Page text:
Tonya Harding is definitely ready to bring it when it comes to competing in the all-athletes season of Dancing With the Stars.
ET's Lauren Zima recently spoke with the 47-year-old ice skater and her pro partner, Sasha Farber, during rehearsals for the hit ABC dance show's upcoming season. Harding said she's ready to give the competition her all.
"This is truly a memorable moment for me, being able to be asked for one thing, because you have to be nominated and I was just ... so thrilled and honored to be part of this, and I'm going to give it my all," Harding told ET. "It has been 27 years basically since I've been at the Olympics and in front of judges, and this stepping out is going to be the same thing. I'm glad I get to see it first and feel like, 'Oh my god, we're at the Olympics and start over, and go (takes deep breath) OK ... breathe.'"
Harding gained infamy in 1994 after an attack on skating rival Nancy Kerrigan -- who previously competed on season 24 of DWTS -- and says competing this season is a second chance for her.
"Well, because I got the last thing taken away from me, and no one got to see anything after that," Harding said, referring to the abrupt end to her figure skating career after she was banned for life from the U.S. Figure Skating Association following the 1994 Olympic Games. "The only thing they've ever seen is me in an interview, and it's so black and white -- there's no gray, there's no pink, there's no purple -- there's nothing. And it's just kind of blah, and so this is like my second chance of coming out and being able to perform not only for myself, but for all my fans that have been there for so long."
"And I know there are some people out there that don't like me and that's OK," she added. "But I just want to show them I'm a human being; I have feelings, and I'm here to try and do the best I can for myself and for my partner. I don't want to let him down."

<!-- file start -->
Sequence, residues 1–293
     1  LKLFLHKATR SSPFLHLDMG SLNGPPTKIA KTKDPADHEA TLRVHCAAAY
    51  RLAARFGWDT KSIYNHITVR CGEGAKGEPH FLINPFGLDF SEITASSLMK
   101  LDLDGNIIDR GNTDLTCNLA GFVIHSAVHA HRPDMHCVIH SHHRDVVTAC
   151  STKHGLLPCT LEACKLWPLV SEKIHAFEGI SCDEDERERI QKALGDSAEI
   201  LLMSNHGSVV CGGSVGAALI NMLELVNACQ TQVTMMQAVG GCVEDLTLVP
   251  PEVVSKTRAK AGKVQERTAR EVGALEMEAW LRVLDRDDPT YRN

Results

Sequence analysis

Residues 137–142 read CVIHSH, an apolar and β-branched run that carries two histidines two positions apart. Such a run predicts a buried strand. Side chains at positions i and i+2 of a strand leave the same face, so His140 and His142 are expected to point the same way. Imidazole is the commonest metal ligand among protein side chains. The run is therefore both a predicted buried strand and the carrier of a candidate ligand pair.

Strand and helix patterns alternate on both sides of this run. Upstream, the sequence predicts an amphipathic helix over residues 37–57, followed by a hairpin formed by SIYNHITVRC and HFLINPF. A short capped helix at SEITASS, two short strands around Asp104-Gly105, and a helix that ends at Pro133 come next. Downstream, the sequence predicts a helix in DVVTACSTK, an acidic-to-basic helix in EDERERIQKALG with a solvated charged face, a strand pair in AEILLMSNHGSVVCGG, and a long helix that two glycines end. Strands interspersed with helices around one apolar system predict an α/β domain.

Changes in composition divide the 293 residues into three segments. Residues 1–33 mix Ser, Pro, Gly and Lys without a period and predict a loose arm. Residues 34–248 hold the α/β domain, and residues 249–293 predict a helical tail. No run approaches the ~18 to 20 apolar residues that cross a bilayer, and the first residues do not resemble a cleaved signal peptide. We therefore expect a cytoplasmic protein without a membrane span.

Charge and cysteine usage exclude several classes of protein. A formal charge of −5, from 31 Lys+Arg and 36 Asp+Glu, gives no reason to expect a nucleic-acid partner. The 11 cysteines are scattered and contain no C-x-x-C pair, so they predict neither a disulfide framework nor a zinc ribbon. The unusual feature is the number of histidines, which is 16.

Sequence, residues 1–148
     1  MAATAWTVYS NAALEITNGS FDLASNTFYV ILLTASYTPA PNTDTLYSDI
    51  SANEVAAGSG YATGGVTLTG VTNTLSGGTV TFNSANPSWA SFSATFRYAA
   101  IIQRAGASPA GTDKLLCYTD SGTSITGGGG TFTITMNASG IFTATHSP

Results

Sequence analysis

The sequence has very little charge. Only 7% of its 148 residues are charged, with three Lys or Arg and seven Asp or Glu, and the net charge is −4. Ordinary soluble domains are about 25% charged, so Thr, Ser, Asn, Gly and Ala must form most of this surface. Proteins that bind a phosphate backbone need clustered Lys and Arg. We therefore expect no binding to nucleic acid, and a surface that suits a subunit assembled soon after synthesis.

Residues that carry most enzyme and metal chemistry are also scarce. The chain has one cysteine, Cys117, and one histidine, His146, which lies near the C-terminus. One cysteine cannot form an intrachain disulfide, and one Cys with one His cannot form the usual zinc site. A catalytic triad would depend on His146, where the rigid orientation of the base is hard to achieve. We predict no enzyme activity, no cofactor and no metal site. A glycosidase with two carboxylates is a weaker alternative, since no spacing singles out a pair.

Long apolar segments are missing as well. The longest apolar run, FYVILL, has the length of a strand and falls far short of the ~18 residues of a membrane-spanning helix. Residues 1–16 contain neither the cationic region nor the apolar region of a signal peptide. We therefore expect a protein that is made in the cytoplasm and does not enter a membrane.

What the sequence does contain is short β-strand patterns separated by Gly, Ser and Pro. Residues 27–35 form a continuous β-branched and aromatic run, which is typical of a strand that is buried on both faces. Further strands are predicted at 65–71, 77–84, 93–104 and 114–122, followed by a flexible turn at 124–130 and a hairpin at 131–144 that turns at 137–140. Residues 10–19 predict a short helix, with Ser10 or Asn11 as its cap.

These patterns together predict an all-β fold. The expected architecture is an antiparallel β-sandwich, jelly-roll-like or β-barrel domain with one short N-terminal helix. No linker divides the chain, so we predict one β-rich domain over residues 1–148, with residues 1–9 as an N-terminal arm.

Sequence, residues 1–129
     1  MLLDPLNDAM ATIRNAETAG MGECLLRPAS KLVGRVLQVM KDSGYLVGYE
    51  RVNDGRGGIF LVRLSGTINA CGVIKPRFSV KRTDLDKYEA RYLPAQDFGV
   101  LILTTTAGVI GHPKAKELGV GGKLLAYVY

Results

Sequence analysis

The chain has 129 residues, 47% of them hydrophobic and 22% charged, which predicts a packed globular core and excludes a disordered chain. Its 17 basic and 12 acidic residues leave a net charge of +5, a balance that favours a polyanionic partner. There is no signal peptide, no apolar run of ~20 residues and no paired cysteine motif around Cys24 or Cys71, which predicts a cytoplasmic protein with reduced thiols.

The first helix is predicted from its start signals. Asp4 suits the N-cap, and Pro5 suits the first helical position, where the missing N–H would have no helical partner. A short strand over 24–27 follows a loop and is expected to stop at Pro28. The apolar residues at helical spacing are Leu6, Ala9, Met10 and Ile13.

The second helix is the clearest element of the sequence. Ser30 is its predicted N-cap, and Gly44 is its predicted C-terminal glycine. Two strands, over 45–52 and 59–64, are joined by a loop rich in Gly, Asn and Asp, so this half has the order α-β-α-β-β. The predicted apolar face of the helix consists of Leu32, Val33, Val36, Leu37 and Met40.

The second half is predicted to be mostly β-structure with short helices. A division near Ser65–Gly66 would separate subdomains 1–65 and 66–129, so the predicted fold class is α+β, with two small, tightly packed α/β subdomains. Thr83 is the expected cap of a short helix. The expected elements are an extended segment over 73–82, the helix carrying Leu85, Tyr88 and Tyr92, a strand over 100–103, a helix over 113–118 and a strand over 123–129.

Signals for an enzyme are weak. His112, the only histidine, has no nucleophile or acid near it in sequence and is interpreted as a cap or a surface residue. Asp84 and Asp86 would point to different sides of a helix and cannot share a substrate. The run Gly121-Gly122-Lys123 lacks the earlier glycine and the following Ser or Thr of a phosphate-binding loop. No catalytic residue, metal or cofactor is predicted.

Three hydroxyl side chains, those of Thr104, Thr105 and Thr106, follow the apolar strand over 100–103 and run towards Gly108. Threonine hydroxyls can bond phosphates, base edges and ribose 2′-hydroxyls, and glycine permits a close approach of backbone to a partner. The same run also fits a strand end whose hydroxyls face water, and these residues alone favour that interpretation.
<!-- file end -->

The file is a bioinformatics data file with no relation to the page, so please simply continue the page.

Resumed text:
Meanwhile, Harding compares DWTS to the Olympics, saying that "stepping out is going to be the same thing" and that she's glad she gets to "start over."
"I got the last thing taken away from me,' she says."This is my second miracle. My first miracle, of course, was my son."
Despite Harding's professional figure skating background, she says ballroom dancing is definitely a big challenge for her.
"Trust me, it is nothing like I have ever done before," she admitted. "The toes, the head, the hands. I mean, I finally got the hands right when I'm skating and now I can't use those. I have to change everything to the dance hands, the dance face."
But clearly, Harding's competitive nature is 100 percent intact. The former athlete considers her biggest competition this season to be herself.
"I think I am my biggest competition, my biggest competition is me," she said bluntly. "And making sure that I don't embarrass [Farber] ... trip him or anything like that. I just want to go out and be the best that we can be."
As far as how she wants audiences to perceive her on DWTS, she said she wants people to see "that I am real. That I'm human. I may say that it doesn't bother me here or care what people say, but it does.
"It truly does hurt but there's gonna be always those people who don't believe or don't care about that and that's okay with me," she expressed. "That's OK."
DWTS' all-athlete season premieres Monday, April 30 at 8 p.m. ET on ABC.
Watch the video below to see Harding get emotional during rehearsals when discussing how she "lost" herself over the years.
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